From Santa Fe Institute Events Wiki
Predicting Metadata from Network Structure
This is a 'meta' task... Essentially the idea is to use machine learning or any kind of other techniques to predict things like success, genre etc. of a movie.
First Few Tasks
- Script to download all movie galaxies (MS -- done; see post by Andrew in slack)
- Conversion from gephi to useful format (MS -- done; note that there is a broken file and two movies with 1 and 0 nodes!)
- Network comparison (MS -- running atm; note that you need to get orca for graphlet counting)
- Get DigitalSmiths data in usable format (WIll -- almost done; tons of good metadata like Rotten Tomatoes scores etc.)
- Michael Schaub
- Andrew Meller
- Xiao (Thomas) Zhang
- Lu Liu
- Harrison Smith
- Will Hamilton
Network Construction and Time Dynamics
The main goal here will be to look at the time dynamics of the movie character networks, with a particular focus on how characters are introduced to the network. We can use this analysis to see how stories develop through the network construction. This can be compared between movies to see how similar network construction and dynamics are across movies.
- Moriah Echlin (firstname.lastname@example.org)
- Dan Biro (email@example.com)
- Will Hamilton (firstname.lastname@example.org)
There is another dataset from TV Tropes (http://tvtropes.org) that I would be happy to bring into this project. Tropes are story telling elements (if you go to http://tvtropes.org/pmwiki/pmwiki.php/Main/Tropes and read a few entries, you will quickly get a sense of them). The dataset contains ~3,500 movies and a list of tropes for each, as well as the movie's year, IMDB rating, and box office.
I am interested in studying story archetypes (typical plots). From a network perspective, it may be possible to build a directed network of "narrative" tropes (identified in http://tvtropes.org/pmwiki/pmwiki.php/Main/NarrativeTropes , but may need more inspection), where the edge directions represent time orders. The time sequence of tropes is not represented in the TV Tropes data, therefore I'm thinking if any of Will's datasets may shed some lights on it. If the network construction is successful, extracting the backbones of the network will show us what are the most commonly used story arcs in movies, etc.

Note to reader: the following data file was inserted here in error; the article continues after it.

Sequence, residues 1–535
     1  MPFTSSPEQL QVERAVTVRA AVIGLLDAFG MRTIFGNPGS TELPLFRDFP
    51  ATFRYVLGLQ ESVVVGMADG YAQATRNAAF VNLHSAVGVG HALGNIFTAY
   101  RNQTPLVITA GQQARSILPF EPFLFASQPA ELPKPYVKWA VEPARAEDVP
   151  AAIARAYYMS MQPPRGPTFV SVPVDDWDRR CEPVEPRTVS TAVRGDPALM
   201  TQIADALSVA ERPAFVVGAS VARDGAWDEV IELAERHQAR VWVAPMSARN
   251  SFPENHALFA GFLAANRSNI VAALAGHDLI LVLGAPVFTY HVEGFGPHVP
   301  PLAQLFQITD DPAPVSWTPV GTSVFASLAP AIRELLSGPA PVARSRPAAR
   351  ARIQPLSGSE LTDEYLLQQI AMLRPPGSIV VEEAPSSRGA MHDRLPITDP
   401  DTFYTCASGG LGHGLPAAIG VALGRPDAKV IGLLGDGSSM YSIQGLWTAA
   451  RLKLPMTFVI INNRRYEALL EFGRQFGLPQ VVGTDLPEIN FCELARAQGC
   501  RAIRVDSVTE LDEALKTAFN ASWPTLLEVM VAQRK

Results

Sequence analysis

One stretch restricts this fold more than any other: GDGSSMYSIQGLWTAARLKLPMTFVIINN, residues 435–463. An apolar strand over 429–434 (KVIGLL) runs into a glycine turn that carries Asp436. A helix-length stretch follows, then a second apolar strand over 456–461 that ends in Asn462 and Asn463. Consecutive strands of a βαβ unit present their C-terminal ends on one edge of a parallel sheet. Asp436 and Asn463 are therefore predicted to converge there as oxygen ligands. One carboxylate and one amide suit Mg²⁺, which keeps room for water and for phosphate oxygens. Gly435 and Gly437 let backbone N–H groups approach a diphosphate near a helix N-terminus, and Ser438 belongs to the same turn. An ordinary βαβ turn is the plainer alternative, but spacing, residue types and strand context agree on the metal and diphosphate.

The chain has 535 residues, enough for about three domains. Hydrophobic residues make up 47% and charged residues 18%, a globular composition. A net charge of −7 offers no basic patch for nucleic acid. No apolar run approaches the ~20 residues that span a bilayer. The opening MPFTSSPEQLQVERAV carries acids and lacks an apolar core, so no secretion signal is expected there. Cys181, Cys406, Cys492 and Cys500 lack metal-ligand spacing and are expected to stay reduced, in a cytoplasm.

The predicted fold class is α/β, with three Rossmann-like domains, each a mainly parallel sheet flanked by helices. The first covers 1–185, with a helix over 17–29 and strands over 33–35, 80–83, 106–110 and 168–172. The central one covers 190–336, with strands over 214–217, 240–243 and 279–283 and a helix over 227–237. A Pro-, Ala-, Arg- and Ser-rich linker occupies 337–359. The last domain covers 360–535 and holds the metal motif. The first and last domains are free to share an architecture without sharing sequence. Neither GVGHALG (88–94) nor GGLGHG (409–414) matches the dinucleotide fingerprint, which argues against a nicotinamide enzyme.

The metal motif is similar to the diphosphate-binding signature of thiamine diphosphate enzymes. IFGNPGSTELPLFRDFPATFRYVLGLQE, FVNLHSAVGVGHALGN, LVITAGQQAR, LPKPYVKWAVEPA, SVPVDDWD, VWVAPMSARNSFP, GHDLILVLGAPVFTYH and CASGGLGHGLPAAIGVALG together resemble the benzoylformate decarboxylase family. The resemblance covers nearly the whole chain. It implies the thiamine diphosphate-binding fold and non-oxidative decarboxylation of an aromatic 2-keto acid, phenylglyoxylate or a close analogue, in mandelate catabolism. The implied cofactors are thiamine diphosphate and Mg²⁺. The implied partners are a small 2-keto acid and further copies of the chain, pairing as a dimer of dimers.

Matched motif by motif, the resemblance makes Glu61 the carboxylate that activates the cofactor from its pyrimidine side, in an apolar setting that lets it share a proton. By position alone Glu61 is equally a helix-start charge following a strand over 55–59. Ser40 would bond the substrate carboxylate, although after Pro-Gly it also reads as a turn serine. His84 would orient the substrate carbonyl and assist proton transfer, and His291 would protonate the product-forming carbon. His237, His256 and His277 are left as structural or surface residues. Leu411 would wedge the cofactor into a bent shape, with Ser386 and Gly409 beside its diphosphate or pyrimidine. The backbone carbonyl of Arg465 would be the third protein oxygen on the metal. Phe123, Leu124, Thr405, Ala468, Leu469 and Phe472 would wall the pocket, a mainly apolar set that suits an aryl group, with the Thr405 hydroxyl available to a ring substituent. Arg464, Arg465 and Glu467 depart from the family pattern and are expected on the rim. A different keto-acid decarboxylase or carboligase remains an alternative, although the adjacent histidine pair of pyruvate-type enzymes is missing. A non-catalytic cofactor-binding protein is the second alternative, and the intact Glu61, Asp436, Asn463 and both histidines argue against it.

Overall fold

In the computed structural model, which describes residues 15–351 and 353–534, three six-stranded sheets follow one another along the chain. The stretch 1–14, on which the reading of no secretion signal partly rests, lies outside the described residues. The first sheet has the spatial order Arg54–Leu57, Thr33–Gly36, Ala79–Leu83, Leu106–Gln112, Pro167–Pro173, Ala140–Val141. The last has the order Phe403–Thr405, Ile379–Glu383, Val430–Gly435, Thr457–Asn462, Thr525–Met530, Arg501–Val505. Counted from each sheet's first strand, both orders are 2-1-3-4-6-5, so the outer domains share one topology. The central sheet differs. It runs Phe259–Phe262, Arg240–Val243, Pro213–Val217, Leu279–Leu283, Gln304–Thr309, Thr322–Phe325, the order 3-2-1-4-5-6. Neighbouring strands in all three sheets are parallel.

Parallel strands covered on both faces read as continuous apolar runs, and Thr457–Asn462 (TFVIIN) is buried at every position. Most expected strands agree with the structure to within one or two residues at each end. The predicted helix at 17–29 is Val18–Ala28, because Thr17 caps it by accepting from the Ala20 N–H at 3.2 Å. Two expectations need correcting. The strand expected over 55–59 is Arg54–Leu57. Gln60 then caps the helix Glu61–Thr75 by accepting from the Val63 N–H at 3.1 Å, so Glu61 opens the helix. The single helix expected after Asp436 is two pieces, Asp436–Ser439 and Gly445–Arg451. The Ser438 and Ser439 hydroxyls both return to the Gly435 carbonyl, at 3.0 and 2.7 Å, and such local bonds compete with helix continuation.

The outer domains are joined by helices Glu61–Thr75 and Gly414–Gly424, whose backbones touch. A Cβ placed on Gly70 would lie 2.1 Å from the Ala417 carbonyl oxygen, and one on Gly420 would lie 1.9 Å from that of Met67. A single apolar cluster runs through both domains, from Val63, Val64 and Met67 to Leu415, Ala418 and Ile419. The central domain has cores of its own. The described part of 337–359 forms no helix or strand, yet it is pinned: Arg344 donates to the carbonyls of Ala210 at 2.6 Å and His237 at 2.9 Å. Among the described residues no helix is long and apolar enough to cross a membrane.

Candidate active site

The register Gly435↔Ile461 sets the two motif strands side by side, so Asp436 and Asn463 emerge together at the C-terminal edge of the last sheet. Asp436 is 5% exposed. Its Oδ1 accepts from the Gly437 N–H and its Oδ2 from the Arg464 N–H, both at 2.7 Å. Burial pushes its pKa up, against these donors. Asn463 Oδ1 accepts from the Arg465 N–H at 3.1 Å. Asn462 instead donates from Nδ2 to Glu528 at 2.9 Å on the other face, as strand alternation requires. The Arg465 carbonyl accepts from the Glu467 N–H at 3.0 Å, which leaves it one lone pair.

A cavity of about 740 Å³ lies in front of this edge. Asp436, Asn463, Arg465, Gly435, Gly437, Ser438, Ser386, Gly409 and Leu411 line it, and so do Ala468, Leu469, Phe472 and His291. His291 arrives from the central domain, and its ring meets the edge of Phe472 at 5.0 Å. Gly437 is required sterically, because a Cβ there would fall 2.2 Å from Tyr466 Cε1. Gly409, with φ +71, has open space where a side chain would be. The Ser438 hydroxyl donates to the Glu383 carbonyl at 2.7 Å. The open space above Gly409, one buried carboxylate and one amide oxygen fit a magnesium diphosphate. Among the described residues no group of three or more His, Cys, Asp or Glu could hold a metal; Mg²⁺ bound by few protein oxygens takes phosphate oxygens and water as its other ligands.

This is only a half-baked idea, and I would love to hear any ideas/comments. If anyone is interested, please let me(Elise) know.
Yizhi (Elise) Jing (email@example.com)
Natural Language Processing of Dialogues
This subproject works with the dataset of Cornell Movie-Dialogs (www.mpi-sws.org/~cristian/Cornell_Movie-Dialogs_Corpus.html). Already clean.
The aim is explore the semantic information contained in dialogues (dynamic and static), and ideally to be complementary to other subprojects (on the film overlap) by bringing new features for datamining.
Put your ideas here
- (Juste) Use sentiment analysis to establish temporal profiles of sentiment evolution in movies. Try to find typical profiles by time-serie clustering e.g. ; check if they correspond to movie classification.
- (Lu) Study difference among male/female characters by sentiment analysis, and how gender difference evolves over time and genres.